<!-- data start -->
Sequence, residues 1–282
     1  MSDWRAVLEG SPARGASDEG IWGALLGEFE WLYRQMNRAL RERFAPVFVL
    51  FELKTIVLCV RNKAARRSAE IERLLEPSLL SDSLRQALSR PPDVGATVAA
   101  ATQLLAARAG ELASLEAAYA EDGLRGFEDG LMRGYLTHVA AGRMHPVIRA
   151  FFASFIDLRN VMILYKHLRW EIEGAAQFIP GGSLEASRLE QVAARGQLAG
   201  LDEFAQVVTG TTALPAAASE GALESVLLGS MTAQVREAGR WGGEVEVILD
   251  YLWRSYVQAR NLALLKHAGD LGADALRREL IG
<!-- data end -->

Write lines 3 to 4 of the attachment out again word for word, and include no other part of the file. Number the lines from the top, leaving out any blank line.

    51  FELKTIVLCV RNKAARRSAE IERLLEPSLL SDSLRQALSR PPDVGATVAA
   101  ATQLLAARAG ELASLEAAYA EDGLRGFEDG LMRGYLTHVA AGRMHPVIRA